“There is this history of us being victimized,” Bradby said, regarding African-American women. “The media picks and chooses who they are going to put out front because this person is familiar; this person looks like most of the people in the world. ‘It is amazing that this white person was killed, but it makes sense for a black person to be killed because they are black and are probably doing something wrong.’ It is all of these historical things that are piled upon the mistreatment we have received historically, and even, sometimes, we don’t stand up as we should. We don’t protest; we are not vocal like we should because we have bought into this white norm of who we are. Ownership has to be on us to stand up and say, ‘no we are valued.’”
Bradby said the show starts with a big protest, and it ends with a vigil honoring victims of hate crimes, which in itself is a different kind of protest. “It is a rough subject matter, but race plays a part in it historically. It still does.”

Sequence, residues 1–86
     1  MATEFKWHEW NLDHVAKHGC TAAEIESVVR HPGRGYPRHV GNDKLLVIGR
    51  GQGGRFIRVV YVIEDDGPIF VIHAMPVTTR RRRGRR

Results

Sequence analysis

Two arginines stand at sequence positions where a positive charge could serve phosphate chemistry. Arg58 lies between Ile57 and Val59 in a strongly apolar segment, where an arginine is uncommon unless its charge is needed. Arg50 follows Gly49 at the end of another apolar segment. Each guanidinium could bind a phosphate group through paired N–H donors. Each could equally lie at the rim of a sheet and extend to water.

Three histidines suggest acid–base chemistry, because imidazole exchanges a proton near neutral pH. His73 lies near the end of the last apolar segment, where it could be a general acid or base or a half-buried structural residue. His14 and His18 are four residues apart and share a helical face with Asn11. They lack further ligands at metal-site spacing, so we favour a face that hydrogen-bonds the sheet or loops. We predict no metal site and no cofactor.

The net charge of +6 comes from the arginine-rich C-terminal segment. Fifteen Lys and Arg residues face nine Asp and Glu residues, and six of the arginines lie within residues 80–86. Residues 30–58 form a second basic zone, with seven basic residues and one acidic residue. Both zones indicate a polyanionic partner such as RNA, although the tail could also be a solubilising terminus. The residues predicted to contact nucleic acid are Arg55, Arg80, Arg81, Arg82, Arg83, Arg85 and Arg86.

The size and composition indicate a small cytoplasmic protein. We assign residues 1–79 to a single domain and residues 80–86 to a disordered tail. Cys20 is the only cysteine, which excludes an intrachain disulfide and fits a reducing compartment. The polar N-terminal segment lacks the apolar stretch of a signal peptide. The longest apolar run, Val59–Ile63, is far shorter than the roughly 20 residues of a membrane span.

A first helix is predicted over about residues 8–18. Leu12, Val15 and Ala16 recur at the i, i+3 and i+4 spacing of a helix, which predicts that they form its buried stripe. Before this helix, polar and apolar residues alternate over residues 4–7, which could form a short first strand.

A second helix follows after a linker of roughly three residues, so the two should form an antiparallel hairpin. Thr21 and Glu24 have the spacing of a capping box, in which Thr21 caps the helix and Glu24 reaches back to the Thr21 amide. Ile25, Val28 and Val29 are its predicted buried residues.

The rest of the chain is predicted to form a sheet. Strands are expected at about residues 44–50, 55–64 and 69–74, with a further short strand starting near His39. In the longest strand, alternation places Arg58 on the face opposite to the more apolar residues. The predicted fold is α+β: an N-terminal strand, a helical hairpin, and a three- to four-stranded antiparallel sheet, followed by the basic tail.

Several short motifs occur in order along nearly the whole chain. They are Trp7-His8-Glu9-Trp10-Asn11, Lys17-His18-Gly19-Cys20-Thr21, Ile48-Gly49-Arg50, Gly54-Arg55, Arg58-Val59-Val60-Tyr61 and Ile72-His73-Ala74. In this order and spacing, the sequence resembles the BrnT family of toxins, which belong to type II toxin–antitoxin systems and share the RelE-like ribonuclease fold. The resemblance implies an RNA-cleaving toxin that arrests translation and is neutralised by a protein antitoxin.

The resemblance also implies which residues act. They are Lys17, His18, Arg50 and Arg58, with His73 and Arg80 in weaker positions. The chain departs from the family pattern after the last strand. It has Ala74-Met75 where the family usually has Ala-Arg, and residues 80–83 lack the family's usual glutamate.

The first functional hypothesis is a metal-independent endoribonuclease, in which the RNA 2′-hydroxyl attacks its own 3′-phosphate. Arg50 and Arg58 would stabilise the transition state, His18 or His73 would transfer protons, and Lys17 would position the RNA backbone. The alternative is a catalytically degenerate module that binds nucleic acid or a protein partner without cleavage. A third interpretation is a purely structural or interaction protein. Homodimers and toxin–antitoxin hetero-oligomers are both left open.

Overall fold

Bradby said she had known about the play for about six years through A&T alumna Zonya Love.
“But with our program, we have to run the gambit of genres, cause we are nationally accredited,” Bradby explained. “The kids have to do a classical piece, a comedy and a social justice piece. We talked with the playwright and composer, but they weren’t ready to release it because it is a newer show.”
“The university has taken a stand about the LGBTQ community, so we were looking for a piece because we always want to work in concert with the university,” Bradby added.
On Feb. 20, N.C. A&T’s Office of Student Development and the Multicultural Student Center is holding the grand opening for the university’s first LGBTA Resource Center. The reception is from 1 to 5 p.m. Following the reception, is the opening night of “This One Girl’s Story.” The play is showing for a limited time and will run through the weekend.